32 flavors and then some

In Automation on 31 August 09 by jimenez


If anything, it’s not the science that will scuttle automation, but the press releases.

Here’s the latest release – and the same old “warnings” about the “more than 30 vulnerable spots.”

A political analyst has warned that the Philippines may actually end up with an “automated disaster” in next year’s elections if the Commission on Elections (Comelec) and the consortium Smartmatic-TIM failed to install safeguards and security measures on more than 30 vulnerable spots of the automated election system (AES).

Prof. Bobby Tuazon of the Center for People Empowerment in Governance claimed that they have identified at least 30 vulnerable spots in the AES, stressing the list is growing and may lead to a “disastrous” elections.

We have repeatedly asked for a list of these more than 30 – and growing … kinda like that ice cream with 32 flavors and then some – vulnerablities. In fact, in a recent letter (26 August 2009 actually) sent out by Atty. Ferdinand Rafanan, we formally reiterated this request.

More than a mere briefing, the Commission would appreciate a copy of your “19-page, 3-month policy study on the Automated Election System of the COMELEC,” together with the full documentation as per your claim of having the “first comprehensive study.” This should properly support your findings on the alleged “disturbing vulnerabilities in the AES.”

Still, CenPEG – perhaps with excellent media savvy – continues to flail away with its vague rumblings of impending doom.

“The system’s vulnerabilities make the whole AES fragile and prone to internal rigging, tampering, retail and wholesale cheating all over the country,” he noted.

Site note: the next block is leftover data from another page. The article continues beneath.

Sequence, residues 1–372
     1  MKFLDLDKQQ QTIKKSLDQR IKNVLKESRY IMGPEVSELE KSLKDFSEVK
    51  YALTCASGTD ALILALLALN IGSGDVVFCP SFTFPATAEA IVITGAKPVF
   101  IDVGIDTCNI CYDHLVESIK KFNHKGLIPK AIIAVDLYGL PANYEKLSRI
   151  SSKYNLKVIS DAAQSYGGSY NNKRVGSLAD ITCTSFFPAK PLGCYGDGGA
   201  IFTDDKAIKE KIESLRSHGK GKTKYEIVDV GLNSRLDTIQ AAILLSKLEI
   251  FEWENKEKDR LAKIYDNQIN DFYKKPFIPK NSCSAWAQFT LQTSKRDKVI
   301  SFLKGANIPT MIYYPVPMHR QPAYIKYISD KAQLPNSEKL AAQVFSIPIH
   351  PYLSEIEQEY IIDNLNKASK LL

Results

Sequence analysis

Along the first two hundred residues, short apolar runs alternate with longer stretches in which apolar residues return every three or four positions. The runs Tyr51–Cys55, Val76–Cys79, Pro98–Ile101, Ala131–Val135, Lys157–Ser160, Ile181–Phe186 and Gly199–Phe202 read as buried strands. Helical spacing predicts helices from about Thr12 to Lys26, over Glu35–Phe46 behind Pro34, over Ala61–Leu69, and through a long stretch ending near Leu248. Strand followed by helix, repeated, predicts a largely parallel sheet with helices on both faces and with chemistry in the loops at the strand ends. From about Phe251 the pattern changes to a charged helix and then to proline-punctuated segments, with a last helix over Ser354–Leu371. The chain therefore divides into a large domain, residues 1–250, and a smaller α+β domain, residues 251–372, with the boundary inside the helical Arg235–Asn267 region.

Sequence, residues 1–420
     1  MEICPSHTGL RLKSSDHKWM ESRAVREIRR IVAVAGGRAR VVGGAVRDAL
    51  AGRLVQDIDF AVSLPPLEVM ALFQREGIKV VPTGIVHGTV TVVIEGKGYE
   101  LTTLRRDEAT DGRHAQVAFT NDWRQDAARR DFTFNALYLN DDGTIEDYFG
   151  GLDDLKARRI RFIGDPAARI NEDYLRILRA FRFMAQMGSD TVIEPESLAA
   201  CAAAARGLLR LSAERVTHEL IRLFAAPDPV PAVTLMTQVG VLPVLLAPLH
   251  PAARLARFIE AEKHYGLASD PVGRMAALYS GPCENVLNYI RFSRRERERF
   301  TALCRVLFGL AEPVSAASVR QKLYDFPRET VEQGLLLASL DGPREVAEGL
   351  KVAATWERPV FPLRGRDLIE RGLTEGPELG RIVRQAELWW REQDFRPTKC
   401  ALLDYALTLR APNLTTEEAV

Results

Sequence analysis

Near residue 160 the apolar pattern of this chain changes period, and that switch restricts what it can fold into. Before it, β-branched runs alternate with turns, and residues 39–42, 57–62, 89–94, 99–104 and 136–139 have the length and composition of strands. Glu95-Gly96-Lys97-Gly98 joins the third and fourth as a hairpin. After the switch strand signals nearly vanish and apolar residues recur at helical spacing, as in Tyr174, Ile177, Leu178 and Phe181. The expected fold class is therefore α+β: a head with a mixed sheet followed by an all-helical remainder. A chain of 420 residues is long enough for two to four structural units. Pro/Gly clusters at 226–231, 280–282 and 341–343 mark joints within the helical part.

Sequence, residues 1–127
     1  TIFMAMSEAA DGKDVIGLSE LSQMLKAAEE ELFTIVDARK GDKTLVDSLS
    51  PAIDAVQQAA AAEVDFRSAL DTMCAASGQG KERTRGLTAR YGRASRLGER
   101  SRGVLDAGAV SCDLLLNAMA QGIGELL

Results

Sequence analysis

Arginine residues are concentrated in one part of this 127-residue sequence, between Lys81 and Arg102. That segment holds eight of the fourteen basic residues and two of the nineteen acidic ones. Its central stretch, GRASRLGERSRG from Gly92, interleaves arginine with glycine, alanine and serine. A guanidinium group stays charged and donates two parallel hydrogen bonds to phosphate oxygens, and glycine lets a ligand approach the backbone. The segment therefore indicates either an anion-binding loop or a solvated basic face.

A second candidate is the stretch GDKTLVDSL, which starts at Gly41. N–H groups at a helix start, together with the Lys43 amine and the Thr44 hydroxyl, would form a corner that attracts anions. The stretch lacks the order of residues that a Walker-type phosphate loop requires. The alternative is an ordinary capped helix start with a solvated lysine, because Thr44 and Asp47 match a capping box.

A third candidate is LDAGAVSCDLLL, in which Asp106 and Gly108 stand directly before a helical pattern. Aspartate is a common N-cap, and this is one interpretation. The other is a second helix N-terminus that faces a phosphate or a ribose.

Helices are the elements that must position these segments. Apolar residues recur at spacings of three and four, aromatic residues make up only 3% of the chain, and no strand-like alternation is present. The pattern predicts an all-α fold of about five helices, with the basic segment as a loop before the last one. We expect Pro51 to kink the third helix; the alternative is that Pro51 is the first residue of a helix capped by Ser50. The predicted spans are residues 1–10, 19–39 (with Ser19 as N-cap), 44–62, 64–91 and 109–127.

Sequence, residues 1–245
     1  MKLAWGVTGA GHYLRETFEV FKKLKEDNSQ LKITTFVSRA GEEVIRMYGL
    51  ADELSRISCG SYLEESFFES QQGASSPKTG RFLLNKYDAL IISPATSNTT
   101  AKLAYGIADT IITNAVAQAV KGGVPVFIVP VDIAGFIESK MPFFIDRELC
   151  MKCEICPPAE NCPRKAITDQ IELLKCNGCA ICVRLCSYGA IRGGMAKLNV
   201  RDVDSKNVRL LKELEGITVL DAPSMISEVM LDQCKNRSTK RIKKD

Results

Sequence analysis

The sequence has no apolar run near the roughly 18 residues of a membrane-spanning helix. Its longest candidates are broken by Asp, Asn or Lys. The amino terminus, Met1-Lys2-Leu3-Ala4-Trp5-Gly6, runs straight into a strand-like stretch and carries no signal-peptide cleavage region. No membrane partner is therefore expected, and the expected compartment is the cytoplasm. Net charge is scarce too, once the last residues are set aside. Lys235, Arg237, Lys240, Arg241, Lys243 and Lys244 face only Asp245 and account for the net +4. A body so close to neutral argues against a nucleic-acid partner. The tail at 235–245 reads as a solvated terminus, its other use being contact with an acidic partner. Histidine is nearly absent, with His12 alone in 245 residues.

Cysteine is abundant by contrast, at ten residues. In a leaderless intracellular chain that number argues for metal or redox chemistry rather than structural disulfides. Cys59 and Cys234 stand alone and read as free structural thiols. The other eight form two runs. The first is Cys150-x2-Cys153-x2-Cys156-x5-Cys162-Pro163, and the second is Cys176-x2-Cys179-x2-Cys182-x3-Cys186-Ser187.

Tuazon said the vulnerable spots were in place in the whole system from ballot printing, warehousing of the counting machines, hardware and software deficiencies, voting, counting, electronic transmission of votes to canvassing and proclamation of winners.

“The alarming list, however, does not include yet the weak spots in the infrastructure system such as telecommunications, phone and electric lines, and cell sites,” he stressed.

Other vulnerable spots are the lack of a source code review, possible lapses in the digital signature, possible unofficial access to the canvassing servers, and the lack of voter’s verifiability.

He said the review of the source code by independent ICT experts and other “interested parties,” which the election modernization law (Republic Act 9369) requires, can verify whether the counting and canvassing are done properly and no cheating is possible.

Tuazon added his group is airing this concern to prevent the same scenario that took place during the 2008 elections in the Autonomous Region in Muslim Mindanao when the Comelec failed to review the source codes in that poll exercise.

Now, inasmuch as I am quoting from what is presumably a press release, I imagine that Tuazon was merely mistaken when…

He also noted that the Comelec has yet to respond to CenPEG’s official request last May 26 to provide the source code for review.